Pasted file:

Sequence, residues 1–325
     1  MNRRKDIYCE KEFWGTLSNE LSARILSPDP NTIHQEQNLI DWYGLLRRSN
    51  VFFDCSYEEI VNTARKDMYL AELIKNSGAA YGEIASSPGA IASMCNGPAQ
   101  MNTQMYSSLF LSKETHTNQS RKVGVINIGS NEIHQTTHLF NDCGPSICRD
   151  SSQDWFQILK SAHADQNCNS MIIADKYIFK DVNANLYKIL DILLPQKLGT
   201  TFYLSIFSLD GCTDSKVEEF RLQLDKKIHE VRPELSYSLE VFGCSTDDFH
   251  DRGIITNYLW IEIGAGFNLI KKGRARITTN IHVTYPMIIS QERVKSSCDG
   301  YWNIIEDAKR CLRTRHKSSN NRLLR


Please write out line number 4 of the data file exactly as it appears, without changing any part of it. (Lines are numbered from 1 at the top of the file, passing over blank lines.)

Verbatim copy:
   101  MNTQMYSSLF LSKETHTNQS RKVGVINIGS NEIHQTTHLF NDCGPSICRD